The 21 MW PV plant in question is the first utility scale project financed by the Asian Development Bank (ADB). The bank provided $40 million of private sector financing and additional trust funds from the Leading Asia’s Private Infrastructure Fund (LEAP) and Canada’s Climate Fund for the Private Sector in Asia II (CFPS II) as part of the second phase of the ADB’s plan to further develop renewables in Indonesia.
The first phase, signed in December, consisted of a 72 MW wind power plant in Jeneponto, South Sulawesi. The ADB’s financing package to PT Energi Bayu Jeneponto, a subsidiary of Vena Energy, totaled USD$120.8 million, including financing from two trust funds administered by the ADB – the LEAP and the CFPS II.
The second phase of the bank’s renewables investment drive – which achieved first drawdown today – comprises a 21 MW PV power plant in Likupang, North Sulawesi and three 7 MW plants in Pringgabaya, Selong, and Sengkol, all located in Lombok, West Nusa Tenggara. The ADB financing package totaled USD$40.2 million to four subsidiaries of Vena Energy. The second phase of the initiative also involves the administration of loans from the LEAP and CFPS II funds. All the renewables projects will supply energy to Perusahaan Listrik Negara (PLN), Indonesia’s national power utility.
“Indonesia has made a strong commitment to renewable energy, pledging to leverage the country’s considerable solar and wind energy resources to take renewables to 23% of Indonesia’s overall energy mix by 2025,” said Vena Energy Chief Executive Mr Nitin Apte. “Vena Energy is leveraging our regional project development track record, technical capabilities, and economies of scale to generate low-cost clean energy to support the government initiative, as well as create employment opportunities and drive economic growth in local communities.”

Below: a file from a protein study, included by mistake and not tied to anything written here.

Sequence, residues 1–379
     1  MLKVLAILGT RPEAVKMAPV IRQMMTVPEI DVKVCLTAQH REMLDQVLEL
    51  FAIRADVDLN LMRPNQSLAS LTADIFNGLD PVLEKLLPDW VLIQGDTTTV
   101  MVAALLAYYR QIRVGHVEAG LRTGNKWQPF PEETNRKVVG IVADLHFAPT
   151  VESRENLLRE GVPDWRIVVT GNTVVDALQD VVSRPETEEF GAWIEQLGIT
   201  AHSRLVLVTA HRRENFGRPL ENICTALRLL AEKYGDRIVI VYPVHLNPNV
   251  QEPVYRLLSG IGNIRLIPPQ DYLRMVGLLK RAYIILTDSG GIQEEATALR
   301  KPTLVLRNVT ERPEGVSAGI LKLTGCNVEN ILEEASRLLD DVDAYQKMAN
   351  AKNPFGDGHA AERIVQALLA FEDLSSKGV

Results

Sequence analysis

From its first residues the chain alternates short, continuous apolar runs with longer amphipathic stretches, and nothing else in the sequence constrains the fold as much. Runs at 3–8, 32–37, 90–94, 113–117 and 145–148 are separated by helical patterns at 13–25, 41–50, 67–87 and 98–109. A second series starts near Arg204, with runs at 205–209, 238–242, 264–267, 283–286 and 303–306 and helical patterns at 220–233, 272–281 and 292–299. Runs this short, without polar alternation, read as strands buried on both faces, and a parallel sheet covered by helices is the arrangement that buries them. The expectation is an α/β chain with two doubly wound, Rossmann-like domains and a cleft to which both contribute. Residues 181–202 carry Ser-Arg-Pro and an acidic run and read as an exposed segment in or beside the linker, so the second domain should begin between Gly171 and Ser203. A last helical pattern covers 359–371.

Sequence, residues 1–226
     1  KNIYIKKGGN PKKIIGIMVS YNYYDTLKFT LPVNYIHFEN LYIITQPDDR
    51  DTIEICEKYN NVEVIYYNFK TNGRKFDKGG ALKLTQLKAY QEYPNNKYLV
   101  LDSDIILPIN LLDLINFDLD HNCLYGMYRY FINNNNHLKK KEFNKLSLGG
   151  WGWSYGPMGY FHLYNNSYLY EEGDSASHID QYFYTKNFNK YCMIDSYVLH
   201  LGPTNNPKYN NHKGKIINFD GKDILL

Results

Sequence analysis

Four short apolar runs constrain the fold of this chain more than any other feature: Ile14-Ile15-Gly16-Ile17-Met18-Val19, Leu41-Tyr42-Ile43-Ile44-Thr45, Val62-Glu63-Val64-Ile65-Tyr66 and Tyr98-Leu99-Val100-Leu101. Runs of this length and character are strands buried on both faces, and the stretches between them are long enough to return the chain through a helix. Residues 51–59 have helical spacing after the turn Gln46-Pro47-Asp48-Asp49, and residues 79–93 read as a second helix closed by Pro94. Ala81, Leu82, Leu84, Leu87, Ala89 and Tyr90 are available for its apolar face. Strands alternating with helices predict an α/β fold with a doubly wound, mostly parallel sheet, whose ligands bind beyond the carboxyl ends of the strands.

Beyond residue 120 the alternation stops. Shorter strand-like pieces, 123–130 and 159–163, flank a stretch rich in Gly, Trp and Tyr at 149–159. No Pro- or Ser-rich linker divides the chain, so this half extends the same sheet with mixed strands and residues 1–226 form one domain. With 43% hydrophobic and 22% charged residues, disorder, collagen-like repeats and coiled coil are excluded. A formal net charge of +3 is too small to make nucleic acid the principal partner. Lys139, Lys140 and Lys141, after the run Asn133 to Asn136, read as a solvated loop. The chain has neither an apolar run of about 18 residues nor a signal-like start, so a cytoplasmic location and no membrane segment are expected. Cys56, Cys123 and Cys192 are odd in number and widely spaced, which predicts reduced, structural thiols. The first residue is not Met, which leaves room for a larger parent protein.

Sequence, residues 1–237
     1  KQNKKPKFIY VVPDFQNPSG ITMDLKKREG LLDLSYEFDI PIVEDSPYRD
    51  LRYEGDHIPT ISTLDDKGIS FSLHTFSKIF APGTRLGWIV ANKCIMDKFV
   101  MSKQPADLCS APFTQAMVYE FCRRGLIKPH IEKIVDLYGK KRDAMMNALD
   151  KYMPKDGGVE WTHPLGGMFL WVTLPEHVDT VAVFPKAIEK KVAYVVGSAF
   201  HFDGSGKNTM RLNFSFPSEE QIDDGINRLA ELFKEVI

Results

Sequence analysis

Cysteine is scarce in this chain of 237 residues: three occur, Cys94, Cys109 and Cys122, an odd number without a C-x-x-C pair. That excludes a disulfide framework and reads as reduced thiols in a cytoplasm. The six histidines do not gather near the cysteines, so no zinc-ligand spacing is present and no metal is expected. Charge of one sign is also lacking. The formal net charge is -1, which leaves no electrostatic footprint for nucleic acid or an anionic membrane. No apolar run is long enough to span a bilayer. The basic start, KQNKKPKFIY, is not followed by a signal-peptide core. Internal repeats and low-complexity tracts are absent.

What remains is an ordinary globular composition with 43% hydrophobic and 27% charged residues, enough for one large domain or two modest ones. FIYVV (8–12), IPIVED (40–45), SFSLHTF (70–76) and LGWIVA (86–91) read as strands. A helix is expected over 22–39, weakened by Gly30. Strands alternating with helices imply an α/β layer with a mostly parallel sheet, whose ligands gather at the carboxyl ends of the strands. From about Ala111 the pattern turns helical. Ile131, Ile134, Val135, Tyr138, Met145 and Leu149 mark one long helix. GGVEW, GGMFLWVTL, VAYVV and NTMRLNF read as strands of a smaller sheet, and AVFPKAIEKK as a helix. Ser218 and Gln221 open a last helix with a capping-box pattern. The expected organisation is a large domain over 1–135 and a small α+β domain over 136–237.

Financing obstacles such as low tariffs and high interest rates have been an inhibiting factor for the development of PV in many emerging nations. In its statement, the bank highlighted the importance of CFPS II loans to enable private sector aspirations to further unlock PV’s potential in emerging markets by overcoming the hurdles imposed by limited resource financing.
“By supporting a sector-changing financing for renewable energy, with an innovative portfolio approach, ADB and Vena Energy have been able to add over 114 MW of clean energy to Indonesia’s electricity grid while helping reduce the country’s dependence on fossil fuels and promoting renewable energy development,” said Jackie B. Surtani, Director for Southeast Asia, East Asia, and the Pacific at the infrastructure finance division of the ADB’s private sector operations department.
CFPS II was established in March 2017 with an approximately USD$150 million contribution from the Government of Canada to support greater private sector participation in climate change mitigation and adaptation projects and to promote gender equality and the empowerment of women and girls in projects supported by the fund.
In January 2017, Indonesia’s Ministry of Energy and Mineral Resources (MEMR) issued Ministerial Decree No 12/2017, which enabled feed-in tariffs for renewable projects to be brokered between Indonesian utility PLN and IPPs, rather than through the national government. It was said the government had sought to improve investment options in renewables projects by designing the market in a more conducive way.
The wider use of solar PV can help Indonesia to meet its electricity demand, which in a nation including more than 17,000 islands has been hard to achieve. Off-grid and microgrid solutions based on diesel generators are widespread. With improved financing however, PV is now reportedly cheaper than diesel generation.